If the prep was done right, the product should work to seal the edges of paint patches to prevent them from lifting. Reading a few reviews on line it seems that some users thought that this product would function as a leveling product; it doesn't really do that and if you expect a perfectly smooth board prepare to be disappointed. That said, it did a remarkable job evening out a horribly rough surface. 

Here's what the surface looked like when painted: 

You can still see the unevenness of the paint surface, but it's pretty subdued. I can definitely live with this on my garage, and I think it's a quality-looking result for the house too. I plan to try this product on my peeling south side of the house as well. Only time will tell on duration, but so far I'm impressed. 

Here's my before/after corner of the garage, with the front face done on the left (and before I had time to sweep up), and the north-facing side undone on the right (and with a mass of weeds instead of a garden bed). The planter box you see is built of old barn boards from a farm my mother used to live on. One of my next projects will be replacing the side-entry door, which is currently a plywood veneer hollow-core interior closet door (insert massive eye-roll of disgust here).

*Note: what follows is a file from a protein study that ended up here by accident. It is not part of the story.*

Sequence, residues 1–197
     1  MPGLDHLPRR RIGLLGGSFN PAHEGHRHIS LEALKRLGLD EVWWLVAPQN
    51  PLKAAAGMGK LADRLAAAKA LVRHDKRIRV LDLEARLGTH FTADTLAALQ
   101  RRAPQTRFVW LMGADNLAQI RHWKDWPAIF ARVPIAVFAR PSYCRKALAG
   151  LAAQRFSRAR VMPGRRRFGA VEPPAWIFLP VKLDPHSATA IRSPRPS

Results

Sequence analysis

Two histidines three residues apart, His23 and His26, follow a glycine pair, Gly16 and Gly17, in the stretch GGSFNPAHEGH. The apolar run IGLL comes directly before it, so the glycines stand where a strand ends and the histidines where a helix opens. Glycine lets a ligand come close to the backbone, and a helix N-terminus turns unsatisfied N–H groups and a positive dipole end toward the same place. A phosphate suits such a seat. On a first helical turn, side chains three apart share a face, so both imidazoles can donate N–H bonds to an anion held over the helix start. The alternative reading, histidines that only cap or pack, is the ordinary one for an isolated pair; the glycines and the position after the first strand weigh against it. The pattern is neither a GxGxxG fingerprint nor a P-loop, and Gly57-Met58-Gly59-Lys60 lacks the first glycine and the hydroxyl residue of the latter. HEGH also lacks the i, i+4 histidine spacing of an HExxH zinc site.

Next weekend calls for mostly clear skies and crisp days, perfect for painting. We'll see how much I can get done at the finish of the season. Deadlines are motivating, aren't they? 


  1. Wow, that was quite a labor of love! Looks GREAT. We found the Sherwin Williams shellac 2 years ago and just love it. Expensive, YES, but it works great. Our house had a knotty pine den that we wanted to convert to a utility/laundry room and found the only thing that worked in sealing those knots was the Sherwin Williams Shellac. It was thick like your primer and when applied, looked much the same as your garage lapboards. They surely put out a good product, and I'm not getting paid to say that either.

    1. Thank you! I've heard good things about that product too. I like their paint, but I'm hoping this primer gives it an extra bit of cling to a difficult surface. I need all the help I can get!

  2. It is amazing how much better that looks! I'll be interested to see if it does hold up as promised. I sure hope it does. I can't believe all the hard work you've done on this.

    1. I'm hoping so too! I'd hate to make a career out of this. :/

  3. How is the paint on your garage holding up? Did the Sherwin Williams Primerx do a good job?

    1. We're only one year out, but we had a rather severe winter last winter in terms of cold, freezing rain, and snow. And so far the the surface still looks good. There have been a couple place where I should have caulked joints between clapboards more, but that is the fault of the DIYer (Me!) and not really a reflection on the Sherwin Williams product. Count me so far impressed. :)